Given our see-no-Shariah media (and government), we have no context in which to place such events. That context is Shariah society, advanced (but by no means initiated) by "Arab Spring," where non-Muslims – "dhimmi" – occupy a place defined for them by Islamic law and tradition. Theologian, author and Anglican pastor Mark Durie elaborates at markdurie.com: "Dhimmi are permitted to live in an Islamic state under terms of surrender as laid out in the 'dhimma' pact." Such terms, Durie writes, "are a well-established part of Islamic law and can be found laid out in countless legal text books." When non-Muslims violate these terms, they become subject to attack.
To place the dhimmi pact in comparable Western terms is to say the West has its Magna Carta, Islam has its Pact of Umar. Among other things, this seminal pact governing Muslim and non-Muslims relations stipulates, Durie notes, the condition that Christians "will neither erect in our areas a monastery, church or sanctuary for a monk, nor restore any place of worship that needs restoration."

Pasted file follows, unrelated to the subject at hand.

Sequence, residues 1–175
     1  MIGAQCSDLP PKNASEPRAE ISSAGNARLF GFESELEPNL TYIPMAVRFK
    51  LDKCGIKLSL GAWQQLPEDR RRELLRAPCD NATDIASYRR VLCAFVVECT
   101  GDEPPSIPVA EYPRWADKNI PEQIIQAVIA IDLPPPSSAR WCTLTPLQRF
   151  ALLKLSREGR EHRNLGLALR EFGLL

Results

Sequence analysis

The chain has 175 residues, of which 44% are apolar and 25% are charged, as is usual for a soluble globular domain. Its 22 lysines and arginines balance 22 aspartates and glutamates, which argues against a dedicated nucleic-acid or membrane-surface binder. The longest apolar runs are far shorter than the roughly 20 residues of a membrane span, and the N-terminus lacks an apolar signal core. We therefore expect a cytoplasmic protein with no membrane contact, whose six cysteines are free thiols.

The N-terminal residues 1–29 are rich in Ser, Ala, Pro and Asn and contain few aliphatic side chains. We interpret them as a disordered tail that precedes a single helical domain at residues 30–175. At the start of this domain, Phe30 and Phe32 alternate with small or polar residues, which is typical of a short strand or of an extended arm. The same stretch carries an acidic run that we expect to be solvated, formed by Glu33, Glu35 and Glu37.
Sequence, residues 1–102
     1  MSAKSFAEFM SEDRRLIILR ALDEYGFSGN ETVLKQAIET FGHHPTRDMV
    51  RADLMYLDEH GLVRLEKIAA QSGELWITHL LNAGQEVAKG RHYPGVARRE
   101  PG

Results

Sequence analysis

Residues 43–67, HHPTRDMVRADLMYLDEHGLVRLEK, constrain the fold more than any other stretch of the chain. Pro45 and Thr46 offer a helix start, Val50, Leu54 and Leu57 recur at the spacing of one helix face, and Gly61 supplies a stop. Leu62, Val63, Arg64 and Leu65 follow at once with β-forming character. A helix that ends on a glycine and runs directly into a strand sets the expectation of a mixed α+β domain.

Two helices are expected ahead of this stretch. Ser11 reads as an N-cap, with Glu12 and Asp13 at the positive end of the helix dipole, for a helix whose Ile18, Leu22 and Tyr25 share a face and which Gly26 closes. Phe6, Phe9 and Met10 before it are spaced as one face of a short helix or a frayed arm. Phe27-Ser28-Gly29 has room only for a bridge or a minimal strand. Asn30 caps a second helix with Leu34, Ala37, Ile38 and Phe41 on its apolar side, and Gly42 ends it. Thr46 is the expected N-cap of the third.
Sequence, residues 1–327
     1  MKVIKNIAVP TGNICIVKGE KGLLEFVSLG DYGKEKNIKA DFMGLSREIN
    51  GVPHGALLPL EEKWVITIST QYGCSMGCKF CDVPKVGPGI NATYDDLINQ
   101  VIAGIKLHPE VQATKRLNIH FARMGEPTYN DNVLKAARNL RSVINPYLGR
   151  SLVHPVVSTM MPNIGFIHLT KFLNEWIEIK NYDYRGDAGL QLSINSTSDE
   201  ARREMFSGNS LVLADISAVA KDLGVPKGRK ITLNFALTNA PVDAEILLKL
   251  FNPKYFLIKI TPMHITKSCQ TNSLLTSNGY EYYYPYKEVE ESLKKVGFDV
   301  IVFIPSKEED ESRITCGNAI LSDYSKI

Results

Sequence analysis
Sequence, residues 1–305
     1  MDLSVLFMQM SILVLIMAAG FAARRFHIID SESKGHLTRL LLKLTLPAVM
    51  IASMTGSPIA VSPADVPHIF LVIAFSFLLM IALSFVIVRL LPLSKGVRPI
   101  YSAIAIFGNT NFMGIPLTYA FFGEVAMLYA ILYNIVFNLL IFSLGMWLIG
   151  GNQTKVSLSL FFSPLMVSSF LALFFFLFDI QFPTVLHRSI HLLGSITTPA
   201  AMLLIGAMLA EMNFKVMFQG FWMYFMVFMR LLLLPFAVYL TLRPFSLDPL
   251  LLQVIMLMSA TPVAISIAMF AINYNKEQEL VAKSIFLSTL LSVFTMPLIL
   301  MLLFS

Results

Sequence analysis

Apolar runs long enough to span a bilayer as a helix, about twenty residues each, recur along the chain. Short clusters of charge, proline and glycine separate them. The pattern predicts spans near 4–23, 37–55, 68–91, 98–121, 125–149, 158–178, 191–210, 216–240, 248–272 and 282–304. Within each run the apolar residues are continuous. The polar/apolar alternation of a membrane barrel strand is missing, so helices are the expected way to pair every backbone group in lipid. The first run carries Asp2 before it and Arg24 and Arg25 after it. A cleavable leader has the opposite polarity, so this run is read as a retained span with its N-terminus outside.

Thus, this anti-Coptic violence, which for the moment has caught world attention, is Islamically correct. This is the piece of the puzzle Westerners fail to grasp. But Durie takes us through the theological steps: "For some pious Muslims in Egypt today, the act of repairing a church is a flagrant provocation, a breach of the peace, which amounts to a deliberate revocation of one's right to exist in the land." As such, it "becomes a legitimate topic for sermons in the mosque (where) the faithful are urged ... to uphold the honor of Islam." In Islamic terms, then, the destruction of the church is no injustice, as Durie writes. It is "even a duty to destroy the church and even the lives of Christians who have the temerity to repair their churches." That's because dhimmi who take to the streets to protest the Islamically just destruction of the church "are also rebels who have forfeited their rights (under the pact) to 'safety and protection.'" As violators of the "dhimmi" pact, they become fair game.
It's quite simple, but the theology eludes us. Why? I think the answer is that to expose the facts about Shariah in the Western milieu is to invite their criticism. Such criticism is forbidden under Shariah. So, we remain silent – which is what good "dhimmi" do.